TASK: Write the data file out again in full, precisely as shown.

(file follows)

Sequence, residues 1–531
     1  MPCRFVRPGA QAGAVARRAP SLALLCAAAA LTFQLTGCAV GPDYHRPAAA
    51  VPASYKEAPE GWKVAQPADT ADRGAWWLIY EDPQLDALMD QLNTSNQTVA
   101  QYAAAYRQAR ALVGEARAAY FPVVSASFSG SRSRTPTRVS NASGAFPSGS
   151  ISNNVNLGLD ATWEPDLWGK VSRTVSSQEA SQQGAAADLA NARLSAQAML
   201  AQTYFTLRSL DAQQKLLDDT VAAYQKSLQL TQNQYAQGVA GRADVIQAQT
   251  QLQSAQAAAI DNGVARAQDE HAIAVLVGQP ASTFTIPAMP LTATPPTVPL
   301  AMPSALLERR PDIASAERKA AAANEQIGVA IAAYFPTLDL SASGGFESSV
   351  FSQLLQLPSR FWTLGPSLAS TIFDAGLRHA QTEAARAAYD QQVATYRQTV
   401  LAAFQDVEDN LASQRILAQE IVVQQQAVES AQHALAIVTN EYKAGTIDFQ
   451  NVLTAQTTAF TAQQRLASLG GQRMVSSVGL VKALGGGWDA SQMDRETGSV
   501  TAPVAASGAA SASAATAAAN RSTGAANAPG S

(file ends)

Sequence, residues 1–531
     1  MPCRFVRPGA QAGAVARRAP SLALLCAAAA LTFQLTGCAV GPDYHRPAAA
    51  VPASYKEAPE GWKVAQPADT ADRGAWWLIY EDPQLDALMD QLNTSNQTVA
   101  QYAAAYRQAR ALVGEARAAY FPVVSASFSG SRSRTPTRVS NASGAFPSGS
   151  ISNNVNLGLD ATWEPDLWGK VSRTVSSQEA SQQGAAADLA NARLSAQAML
   201  AQTYFTLRSL DAQQKLLDDT VAAYQKSLQL TQNQYAQGVA GRADVIQAQT
   251  QLQSAQAAAI DNGVARAQDE HAIAVLVGQP ASTFTIPAMP LTATPPTVPL
   301  AMPSALLERR PDIASAERKA AAANEQIGVA IAAYFPTLDL SASGGFESSV
   351  FSQLLQLPSR FWTLGPSLAS TIFDAGLRHA QTEAARAAYD QQVATYRQTV
   401  LAAFQDVEDN LASQRILAQE IVVQQQAVES AQHALAIVTN EYKAGTIDFQ
   451  NVLTAQTTAF TAQQRLASLG GQRMVSSVGL VKALGGGWDA SQMDRETGSV
   501  TAPVAASGAA SASAATAAAN RSTGAANAPG S